The Sustainability Science Fellowships are open to advanced doctoral and post-doctoral students, and to mid-career professionals engaged in research or practice that advances the goals of the program (see above). Prospective fellows should have a focused personal research or writing objective that is consistent with those goals. In addition, applicants should be interested in spending some of their time as fellows in collaborations with other fellows and faculty in the program in ways that will advance the interdisciplinary, problem-driven agenda of sustainability science more broadly. The Fellowships are tenable at Harvard during the University's academic year beginning in September 2013. Applications for the mid-career fellowships are invited from individuals in governmental, non-governmental, private organizations, or academia with at least five years of professional experience doing work involved in linking science and practice for sustainable development. Applications for the post-doctoral fellowships are welcome from recent recipients of the Ph.D. or equivalent degree. (Applicants must have completed their Ph.D. between 2009 and 2013.) Applicants for a doctoral fellowship must currently be enrolled in a doctoral program and have passed their qualifying exams (completed coursework and passed oral and/or written exams) by July 2013. Applicants whose doctoral programs do not require qualifying exams must have completed all the required coursework for the Ph.D., since fellows will not be doing course work while at Harvard. Applications are solicited from individuals working in the natural and social sciences as well as relevant professions. Special funding for the Giorgio Ruffolo Fellowships in Sustainability Science is available to support citizens of Italy, China, Brazil, India or developing countries who are therefore especially encouraged to apply. Further information regarding current and past fellows can be obtained through the program's web site.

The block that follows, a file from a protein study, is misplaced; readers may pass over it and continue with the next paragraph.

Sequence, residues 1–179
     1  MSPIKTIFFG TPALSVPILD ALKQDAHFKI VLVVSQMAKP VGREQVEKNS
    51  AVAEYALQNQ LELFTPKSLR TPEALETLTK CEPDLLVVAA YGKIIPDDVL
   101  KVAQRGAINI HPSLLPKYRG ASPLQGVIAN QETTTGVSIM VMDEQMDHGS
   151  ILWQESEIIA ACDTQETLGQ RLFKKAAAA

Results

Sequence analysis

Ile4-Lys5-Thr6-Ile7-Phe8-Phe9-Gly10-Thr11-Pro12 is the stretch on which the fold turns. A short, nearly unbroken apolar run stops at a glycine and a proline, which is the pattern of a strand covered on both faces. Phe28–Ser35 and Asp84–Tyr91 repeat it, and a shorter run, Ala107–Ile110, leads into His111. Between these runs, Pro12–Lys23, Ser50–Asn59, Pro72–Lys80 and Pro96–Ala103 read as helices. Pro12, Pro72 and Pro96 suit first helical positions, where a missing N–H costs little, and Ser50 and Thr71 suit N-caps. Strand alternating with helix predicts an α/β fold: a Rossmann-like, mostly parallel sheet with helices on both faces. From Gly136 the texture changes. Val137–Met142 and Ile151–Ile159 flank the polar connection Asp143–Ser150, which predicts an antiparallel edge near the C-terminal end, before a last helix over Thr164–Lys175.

Each year, the Sustainability Science Program recruits approximately 15-20 fellows to work with one another and with Harvard faculty. Candidates who are offered a fellowship will be paired with a Harvard faculty member who has related interests. Applicants may identify a potential faculty member(s) with whom they would like to do research in the on-line application, but applicants should NOT try to secure a commitment from a faculty member before applying. (Unfortunately many faculty are not able to talk with the very large number of candidates who express initial interest in the fellowship. After a fellowship is awarded, however, they will be available to discuss whether there is a match of research interests with particular applicants.) A list of Harvard faculty with interests related to sustainability science is provided on the web pages of the Sustainability Science Program Faculty Affiliates and the Center for the Environment. Any member of the teaching faculty from any discipline at Harvard can serve as a faculty sponsor, regardless of whether the faculty member has had a prior affiliation with the Sustainability Science Program.